Our General Election is upon us, accompanied by political theatre of the absurd in France and the US. The journalists are on 24/7 alert, the forecasters primed for their Olympiad.

And social media continues to do its thing. Endless bombardment, compromising our attention span, growing our obsession with instant gratification, and, right now, sowing division and spreading outrage. The result for those on the receiving end is a dopamine surge likened to a nose full of cocaine.

In its benign form, this neurotransmitter, dubbed the ‘Kim Kardashian of molecules’, drives the brain’s reward system, triggered by pleasurable sensations, helping control key bodily functions.

But as the architects of major platforms know, rather than simply providing a feelgood hit, dopamine motivates us to seek pleasure. Behavioural addition has soared this century. Craving attention, distraction and validation, by scrolling and swiping, have joined substance addiction as societal woes.

Ironically, data indicate that, with more stimuli on offer, we are less happy. Global depression rates have risen significantly over the past 30 years.

And too much dopamine in the system can lead to difficulty in controlling impulses. Described as limbic hijack, the emotional brain overwhelms its rational counterpart, particularly the pre-frontal cortex where the brain deals with planning and problem-solving, and which is important for personality development.

This dilemma surfaces in best-selling storyteller Manda Scott’s new novel, Any Human Power. Part political thriller, part map to a future that we would be proud to pass on, the book challenges, captivates and entertains on many levels.

No spoilers but in an online interview to promote the opus, Scott asserted, with a better world in mind, that: “We need to move from a dopamine culture to a serotonin culture”, characterised by her as “from trauma to initiation”.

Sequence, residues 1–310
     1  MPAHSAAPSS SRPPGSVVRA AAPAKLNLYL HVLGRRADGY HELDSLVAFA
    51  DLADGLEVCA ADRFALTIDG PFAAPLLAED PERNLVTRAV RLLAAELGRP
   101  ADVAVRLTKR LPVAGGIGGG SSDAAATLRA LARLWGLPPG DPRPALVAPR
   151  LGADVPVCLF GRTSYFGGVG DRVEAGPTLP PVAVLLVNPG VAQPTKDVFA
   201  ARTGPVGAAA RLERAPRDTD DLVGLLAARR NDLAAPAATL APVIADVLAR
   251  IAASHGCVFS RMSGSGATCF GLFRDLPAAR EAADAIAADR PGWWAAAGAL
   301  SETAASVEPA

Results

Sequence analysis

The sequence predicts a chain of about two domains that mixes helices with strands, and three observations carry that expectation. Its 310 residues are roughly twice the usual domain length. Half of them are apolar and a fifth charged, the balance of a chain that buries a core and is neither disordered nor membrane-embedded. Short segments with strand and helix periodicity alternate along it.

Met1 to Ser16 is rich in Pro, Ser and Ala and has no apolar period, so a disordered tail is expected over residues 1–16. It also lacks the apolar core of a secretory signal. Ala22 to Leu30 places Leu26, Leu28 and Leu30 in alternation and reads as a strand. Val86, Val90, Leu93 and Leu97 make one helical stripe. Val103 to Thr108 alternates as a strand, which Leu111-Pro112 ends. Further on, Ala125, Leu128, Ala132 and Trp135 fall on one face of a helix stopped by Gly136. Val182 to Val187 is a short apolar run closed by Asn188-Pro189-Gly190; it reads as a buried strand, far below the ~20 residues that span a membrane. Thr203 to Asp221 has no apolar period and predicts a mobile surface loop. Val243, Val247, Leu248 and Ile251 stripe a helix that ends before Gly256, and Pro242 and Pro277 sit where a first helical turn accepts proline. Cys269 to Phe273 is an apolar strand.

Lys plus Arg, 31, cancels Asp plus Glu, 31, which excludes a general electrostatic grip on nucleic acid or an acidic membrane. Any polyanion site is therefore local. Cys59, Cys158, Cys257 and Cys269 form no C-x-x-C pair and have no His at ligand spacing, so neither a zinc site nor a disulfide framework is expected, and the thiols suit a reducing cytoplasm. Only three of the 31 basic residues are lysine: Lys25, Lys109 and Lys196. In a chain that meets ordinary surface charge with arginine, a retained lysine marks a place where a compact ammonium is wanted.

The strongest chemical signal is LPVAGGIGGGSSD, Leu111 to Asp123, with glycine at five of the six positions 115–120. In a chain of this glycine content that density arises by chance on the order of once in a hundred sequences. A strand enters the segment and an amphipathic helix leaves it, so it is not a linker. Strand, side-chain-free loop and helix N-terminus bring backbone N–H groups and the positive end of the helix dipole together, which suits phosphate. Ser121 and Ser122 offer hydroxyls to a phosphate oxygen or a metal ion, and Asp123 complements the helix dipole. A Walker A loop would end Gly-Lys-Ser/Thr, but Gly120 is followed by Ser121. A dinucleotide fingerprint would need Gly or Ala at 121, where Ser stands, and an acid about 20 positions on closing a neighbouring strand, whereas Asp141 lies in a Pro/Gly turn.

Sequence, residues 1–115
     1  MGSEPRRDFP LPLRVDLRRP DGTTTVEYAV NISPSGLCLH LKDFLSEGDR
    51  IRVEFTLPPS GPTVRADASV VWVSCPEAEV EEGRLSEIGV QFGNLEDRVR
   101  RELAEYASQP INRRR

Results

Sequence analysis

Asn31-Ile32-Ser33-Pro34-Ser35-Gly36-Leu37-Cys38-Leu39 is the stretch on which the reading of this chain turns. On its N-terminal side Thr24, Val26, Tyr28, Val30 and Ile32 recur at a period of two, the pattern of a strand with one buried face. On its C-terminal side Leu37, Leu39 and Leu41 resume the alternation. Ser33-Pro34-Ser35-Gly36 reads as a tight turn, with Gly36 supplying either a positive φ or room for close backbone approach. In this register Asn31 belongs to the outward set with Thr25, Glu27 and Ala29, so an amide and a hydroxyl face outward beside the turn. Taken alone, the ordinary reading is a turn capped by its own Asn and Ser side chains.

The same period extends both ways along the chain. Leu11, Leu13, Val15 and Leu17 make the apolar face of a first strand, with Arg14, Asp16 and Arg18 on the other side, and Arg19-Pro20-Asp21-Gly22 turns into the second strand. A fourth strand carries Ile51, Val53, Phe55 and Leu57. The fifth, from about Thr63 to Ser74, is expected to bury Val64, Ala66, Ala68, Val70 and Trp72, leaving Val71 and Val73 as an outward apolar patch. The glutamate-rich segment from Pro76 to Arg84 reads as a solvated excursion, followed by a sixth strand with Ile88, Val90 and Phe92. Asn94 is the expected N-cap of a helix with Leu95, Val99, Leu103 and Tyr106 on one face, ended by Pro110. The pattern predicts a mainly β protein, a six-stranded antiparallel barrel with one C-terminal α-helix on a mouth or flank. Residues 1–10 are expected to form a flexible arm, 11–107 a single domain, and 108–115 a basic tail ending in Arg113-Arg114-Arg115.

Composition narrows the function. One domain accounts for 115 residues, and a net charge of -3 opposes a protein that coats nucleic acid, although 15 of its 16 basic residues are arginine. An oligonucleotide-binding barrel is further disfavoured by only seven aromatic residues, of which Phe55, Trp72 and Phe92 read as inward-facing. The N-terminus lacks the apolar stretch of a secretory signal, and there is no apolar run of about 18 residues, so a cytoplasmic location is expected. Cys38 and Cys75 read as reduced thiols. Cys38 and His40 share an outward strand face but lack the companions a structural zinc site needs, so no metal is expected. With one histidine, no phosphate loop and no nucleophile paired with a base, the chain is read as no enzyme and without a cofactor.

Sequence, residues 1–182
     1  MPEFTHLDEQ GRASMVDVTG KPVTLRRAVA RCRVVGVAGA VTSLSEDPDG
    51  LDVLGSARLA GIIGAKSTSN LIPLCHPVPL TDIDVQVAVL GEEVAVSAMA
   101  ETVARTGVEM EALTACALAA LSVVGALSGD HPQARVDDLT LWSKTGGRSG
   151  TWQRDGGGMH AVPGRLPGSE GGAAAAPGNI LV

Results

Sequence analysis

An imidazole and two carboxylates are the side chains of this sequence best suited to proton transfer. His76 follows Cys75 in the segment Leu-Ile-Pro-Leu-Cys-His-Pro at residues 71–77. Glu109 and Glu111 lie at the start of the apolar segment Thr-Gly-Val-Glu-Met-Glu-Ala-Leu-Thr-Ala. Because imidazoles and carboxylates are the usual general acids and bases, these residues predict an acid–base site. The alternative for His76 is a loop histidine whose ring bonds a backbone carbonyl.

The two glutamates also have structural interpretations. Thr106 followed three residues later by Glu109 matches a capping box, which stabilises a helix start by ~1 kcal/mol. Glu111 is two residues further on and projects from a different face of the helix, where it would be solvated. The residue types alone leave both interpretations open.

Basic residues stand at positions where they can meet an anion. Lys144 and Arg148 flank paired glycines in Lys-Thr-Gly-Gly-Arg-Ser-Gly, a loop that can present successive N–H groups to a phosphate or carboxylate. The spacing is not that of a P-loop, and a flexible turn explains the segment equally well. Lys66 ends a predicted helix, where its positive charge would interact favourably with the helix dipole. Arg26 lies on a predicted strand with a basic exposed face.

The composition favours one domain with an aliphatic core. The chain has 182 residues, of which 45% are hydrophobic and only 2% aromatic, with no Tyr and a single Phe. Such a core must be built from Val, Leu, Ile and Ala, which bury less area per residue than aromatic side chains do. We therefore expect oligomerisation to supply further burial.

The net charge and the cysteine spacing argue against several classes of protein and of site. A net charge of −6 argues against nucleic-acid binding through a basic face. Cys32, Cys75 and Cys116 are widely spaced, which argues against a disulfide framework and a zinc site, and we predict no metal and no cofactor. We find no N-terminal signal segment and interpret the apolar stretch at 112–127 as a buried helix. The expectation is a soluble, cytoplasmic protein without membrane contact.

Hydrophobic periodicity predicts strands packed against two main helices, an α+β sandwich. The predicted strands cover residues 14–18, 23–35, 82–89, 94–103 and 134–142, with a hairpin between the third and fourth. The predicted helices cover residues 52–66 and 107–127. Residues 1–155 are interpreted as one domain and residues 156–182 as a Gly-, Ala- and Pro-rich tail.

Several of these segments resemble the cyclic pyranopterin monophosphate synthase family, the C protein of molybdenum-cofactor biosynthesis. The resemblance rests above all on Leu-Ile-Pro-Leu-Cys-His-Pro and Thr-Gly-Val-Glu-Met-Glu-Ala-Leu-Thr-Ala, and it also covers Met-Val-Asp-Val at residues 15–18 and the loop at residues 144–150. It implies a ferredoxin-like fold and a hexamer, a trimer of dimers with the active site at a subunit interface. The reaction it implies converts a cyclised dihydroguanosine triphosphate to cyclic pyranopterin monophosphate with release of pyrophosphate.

Clearly, we cannot put the genie back in the bottle at a macro level but, as individuals with personal agency, we can be aware and make or suggest changes to counter the destructive effects of going with the lava flow.

Crossover books like Any Human Power, plus one of my favourites, The Social Animal by David Brooks, are fantastic vehicles for landing scientific evidence in the context of imagined but accessible human lives.

As for serotonin, it is another of the over 100 neurotransmitters in the nervous system, and, like dopamine, it plays an important role in the brain by influencing mood. Where it scores over dopamine is in its potential to stave off depression and help promote more constructive social interactions. In short, cooperation and affiliation rather than aggression and isolation.

I enjoy pleasure as much as anyone but frankly can find everyday life emotionally draining. And I’m certainly not a digital native. I mistakenly set off for a day in the city a week or so ago without my phone. It was quietly charging at home. What happened? A few minor inconveniences but, in truth, nothing of note. I was undoubtedly more stressed about this than I needed to be. It taught my addiction a lesson.

So, to hell with dopamine loading. With more exercise, more daylight, more reflection, more face-to-face connection, more relationship building and yes and more fibre, I shall vote for serotonin over its shouty colleague.

Our culture needs re-balancing. Let’s see if the politicians agree.